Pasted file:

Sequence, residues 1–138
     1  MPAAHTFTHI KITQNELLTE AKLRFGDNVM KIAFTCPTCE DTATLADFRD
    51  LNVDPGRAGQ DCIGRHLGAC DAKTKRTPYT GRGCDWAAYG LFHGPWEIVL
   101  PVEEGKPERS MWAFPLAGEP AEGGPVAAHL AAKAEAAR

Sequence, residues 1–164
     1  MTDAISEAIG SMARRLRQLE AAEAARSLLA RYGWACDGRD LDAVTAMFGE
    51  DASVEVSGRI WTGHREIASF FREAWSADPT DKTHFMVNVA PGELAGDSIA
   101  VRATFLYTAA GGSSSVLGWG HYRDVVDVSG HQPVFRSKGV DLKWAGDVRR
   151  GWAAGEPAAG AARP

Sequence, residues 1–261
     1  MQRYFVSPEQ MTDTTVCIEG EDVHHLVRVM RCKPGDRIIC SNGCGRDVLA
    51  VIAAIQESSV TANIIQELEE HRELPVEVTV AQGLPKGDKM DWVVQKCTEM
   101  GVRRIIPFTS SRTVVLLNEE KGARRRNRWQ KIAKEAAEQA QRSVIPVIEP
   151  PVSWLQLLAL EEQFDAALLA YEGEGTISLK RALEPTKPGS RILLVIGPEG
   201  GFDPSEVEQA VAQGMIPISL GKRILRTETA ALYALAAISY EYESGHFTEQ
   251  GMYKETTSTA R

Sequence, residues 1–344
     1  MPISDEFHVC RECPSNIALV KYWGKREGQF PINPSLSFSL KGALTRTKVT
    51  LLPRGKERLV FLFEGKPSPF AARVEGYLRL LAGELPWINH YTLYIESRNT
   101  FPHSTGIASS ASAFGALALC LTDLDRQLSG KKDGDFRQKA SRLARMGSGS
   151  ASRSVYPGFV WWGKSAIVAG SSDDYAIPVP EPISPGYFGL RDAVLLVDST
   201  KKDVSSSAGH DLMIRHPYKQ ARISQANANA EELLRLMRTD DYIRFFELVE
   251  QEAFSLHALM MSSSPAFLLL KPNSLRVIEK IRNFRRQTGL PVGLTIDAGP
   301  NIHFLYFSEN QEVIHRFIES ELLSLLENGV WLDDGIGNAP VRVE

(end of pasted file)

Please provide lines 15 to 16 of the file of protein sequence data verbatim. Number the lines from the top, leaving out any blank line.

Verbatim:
   201  GFDPSEVEQA VAQGMIPISL GKRILRTETA ALYALAAISY EYESGHFTEQ
   251  GMYKETTSTA R